“I don’t understand. I work out every day and I’m still gaining weight.” Believe it or not I hear this question quite frequently. On the surface it seems to be quite the paradox. All the conventional wisdom tells us to lose weight all we need to do is watch what we eat (meaning to eat less) and exercise more. Follow this simple formula: use more calories than you take in.
In the past I’ve explained part of this myth – how all calories are not created equal. Based on what the calorie is from (protein, fat, or carbohydrate) it will have a different effect in your body. If you need a refresher you can find that article on my blog at http://brwellness.com/nutrition-news/?p=135.
Now let’s explore the other half of the equation: exercise more. This of course leads to a series of questions. What type of exercise is best? How many times a week should I exercise? How long should I exercise?
Some people say “aerobic” is best. Some say weight lifting. Others say yoga, or interval training, and still others say high intensity training. Some tell you to do a different type of exercise every day for an hour. On the other spectrum some will tell you once to twice a week for fifteen to twenty minutes is all you need. You can see there is quite a variance in the answers.
To best understand any issue relating to health and nutrition I always ask one simple question. How is the body designed? When I discuss with clients what they should eat and what they should avoid I just don’t say “eat this and not that.” I explain to them how their body works and what the different foods will actually do in their body. When we understand how our body is designed to work it makes it much easier to determine what it needs and to separate myth from fact. Unfortunately in the world of health and nutrition there is a lot of myth and hype which is quite different than the facts.
Of course I am limited by the space of this article. Whole books have been written to address these questions and I’ve read quite a few of them! Recently I read one that I believe explains it the best – Body by Science by Doug McGuff, M.D. and John Little. With his medical background, Dr. McGuff understands how the body is designed and he uses this to explain the science of exercise.
My plan is to have several articles based on the book. I will use the remainder of this article to summarize the major points of the book. Future articles as noted below will be more in depth on specific topics. But in the mean time, if you are interested I’d encourage you to read the book sooner rather than later. It will likely change the way you think about exercise! Here is a quick summary of his major points:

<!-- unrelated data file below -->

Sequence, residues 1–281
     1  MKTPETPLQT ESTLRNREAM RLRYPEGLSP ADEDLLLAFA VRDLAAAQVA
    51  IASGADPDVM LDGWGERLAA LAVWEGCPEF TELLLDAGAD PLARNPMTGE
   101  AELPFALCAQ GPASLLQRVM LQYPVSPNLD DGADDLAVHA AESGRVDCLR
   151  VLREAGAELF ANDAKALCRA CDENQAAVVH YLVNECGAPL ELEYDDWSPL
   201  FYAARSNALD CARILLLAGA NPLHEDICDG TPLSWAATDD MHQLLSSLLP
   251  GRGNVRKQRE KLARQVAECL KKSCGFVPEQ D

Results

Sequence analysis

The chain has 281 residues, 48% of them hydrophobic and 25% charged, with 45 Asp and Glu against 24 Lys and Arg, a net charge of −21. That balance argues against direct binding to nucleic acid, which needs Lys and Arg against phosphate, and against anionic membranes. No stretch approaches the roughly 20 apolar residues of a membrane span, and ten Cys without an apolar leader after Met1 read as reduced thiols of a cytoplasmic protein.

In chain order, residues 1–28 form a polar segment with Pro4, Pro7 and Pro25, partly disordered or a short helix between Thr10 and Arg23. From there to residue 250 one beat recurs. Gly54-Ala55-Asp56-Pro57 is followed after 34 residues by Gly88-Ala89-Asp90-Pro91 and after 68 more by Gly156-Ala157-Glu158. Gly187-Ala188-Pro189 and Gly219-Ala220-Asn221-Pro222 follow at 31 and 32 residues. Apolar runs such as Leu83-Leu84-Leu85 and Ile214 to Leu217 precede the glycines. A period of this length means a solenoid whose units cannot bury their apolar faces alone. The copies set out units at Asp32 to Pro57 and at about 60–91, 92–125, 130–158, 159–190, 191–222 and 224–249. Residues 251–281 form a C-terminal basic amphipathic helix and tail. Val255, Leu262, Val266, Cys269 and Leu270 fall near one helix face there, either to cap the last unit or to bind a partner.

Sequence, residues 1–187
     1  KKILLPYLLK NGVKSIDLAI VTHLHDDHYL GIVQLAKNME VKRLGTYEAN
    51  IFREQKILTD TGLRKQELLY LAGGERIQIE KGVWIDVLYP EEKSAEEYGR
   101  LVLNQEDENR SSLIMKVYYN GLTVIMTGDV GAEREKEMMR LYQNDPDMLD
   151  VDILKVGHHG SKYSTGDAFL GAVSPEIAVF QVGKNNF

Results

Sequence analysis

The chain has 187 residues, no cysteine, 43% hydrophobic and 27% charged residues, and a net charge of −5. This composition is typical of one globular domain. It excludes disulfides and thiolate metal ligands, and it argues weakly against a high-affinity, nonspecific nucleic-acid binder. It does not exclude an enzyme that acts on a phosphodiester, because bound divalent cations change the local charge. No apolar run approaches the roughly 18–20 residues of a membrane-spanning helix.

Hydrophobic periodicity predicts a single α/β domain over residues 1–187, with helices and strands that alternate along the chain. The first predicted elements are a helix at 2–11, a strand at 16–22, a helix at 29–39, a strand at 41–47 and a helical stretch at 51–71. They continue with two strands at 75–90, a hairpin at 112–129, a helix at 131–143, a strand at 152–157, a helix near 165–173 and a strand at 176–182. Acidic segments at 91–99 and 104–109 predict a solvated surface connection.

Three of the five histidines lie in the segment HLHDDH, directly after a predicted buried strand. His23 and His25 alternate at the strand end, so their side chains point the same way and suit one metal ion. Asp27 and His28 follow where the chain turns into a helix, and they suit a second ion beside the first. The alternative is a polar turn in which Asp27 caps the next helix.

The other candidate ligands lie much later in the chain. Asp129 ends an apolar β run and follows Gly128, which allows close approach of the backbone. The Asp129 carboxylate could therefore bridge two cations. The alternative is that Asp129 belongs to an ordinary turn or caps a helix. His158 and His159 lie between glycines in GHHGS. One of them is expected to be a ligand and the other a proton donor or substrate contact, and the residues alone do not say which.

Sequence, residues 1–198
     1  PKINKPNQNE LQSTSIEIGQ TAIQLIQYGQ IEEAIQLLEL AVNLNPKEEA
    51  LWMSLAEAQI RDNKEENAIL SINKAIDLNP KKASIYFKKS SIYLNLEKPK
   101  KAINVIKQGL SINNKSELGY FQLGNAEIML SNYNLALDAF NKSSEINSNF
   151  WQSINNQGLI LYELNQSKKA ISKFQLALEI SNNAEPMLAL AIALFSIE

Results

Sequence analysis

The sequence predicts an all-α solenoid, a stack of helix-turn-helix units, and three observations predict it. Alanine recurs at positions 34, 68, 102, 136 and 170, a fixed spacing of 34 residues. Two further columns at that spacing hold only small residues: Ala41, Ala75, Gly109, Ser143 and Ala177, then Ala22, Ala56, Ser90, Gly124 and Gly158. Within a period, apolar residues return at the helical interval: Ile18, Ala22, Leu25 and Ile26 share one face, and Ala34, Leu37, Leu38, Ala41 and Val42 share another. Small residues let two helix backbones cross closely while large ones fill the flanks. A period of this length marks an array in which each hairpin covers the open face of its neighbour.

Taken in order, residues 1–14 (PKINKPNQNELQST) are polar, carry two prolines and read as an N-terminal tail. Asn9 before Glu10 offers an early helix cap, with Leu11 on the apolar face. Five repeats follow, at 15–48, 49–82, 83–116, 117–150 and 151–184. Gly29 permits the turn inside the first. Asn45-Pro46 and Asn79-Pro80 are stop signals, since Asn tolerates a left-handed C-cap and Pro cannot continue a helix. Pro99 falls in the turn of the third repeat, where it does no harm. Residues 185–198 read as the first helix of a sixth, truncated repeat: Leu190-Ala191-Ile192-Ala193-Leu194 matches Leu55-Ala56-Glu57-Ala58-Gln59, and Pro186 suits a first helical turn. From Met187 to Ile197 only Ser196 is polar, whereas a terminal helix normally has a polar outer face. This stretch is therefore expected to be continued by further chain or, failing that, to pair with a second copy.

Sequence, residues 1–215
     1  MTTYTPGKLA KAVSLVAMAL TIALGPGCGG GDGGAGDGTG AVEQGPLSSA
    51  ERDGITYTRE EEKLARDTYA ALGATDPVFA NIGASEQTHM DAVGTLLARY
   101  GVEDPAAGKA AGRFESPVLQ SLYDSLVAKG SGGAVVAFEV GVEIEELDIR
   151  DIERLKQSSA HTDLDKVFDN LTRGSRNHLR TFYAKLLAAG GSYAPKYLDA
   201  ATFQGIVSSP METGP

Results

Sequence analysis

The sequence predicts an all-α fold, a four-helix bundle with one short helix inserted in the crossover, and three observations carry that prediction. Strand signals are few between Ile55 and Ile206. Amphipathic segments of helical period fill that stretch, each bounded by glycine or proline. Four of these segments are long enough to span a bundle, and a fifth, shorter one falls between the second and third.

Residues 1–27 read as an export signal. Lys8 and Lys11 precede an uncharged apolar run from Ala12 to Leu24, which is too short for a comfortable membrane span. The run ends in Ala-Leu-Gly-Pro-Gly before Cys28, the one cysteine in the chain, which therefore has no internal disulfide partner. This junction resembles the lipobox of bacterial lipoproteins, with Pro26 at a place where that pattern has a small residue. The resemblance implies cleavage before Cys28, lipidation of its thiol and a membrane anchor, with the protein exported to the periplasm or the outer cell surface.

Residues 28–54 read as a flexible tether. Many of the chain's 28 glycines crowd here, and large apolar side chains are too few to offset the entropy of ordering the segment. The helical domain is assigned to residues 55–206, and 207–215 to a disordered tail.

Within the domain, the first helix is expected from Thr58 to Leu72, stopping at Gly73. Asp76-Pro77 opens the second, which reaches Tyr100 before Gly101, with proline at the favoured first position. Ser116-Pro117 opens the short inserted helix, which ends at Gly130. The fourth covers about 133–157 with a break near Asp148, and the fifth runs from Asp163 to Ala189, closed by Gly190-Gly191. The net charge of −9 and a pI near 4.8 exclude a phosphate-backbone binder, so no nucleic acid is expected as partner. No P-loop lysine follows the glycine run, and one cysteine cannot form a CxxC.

1. Who can you trust? Most exercise testimonials and a fair amount of “research” is shall we say – slightly misleading and biased and does not address the true science of exercise.
2. Genetic expression plays a major role in our physical appearance. People can do similar types of exercise but in the end their genes determine how their physical activity is expressed in their body. I will have a separate article on this subject.
3. Being “fit” does not mean you are healthy.
4. High intensity training is his preferred method. It benefits both the aerobic and anaerobic energy pathways. Most “cardio” only works the aerobic pathway. The effectiveness of the exercise is all about hormones and blood glucose levels. High intensity training works the major muscle groups to exhaustion, uses up glucose, and encourages the body to burn fat and build muscle. I will have a future article about the “cardio myth.”
5. Fat metabolism and fat loss is also determined by hormone activity which is affected by the type of exercise. Hormones signal the body to burn fat and to store fat. Some exercise will produce the “burn” signal, others the “store” signal. I will have a future article about fat metabolism.
6. Exercising once to twice per week for 15 to 20 minutes when done according to his methodology is all you need to properly engage your body and manage the body building and fat burning hormones.
As you know from past articles I am also a big believer in “walking the talk.” I have found a local trainer who follows the basic principles as outlined in the book and began training several weeks ago. In one month I have already noticed several significant changes. I will keep you posted on that as well.
Bernard Rosen, PhD is a Nutrition Consultant and Educator. He works with individuals, groups, and at corporations to create individualized nutrition and wellness programs. His office is in Mequon, WI. To learn more or to schedule an appointment, e-mail at firstname.lastname@example.org, call (262) 389-9907 or go to www.brwellness.com.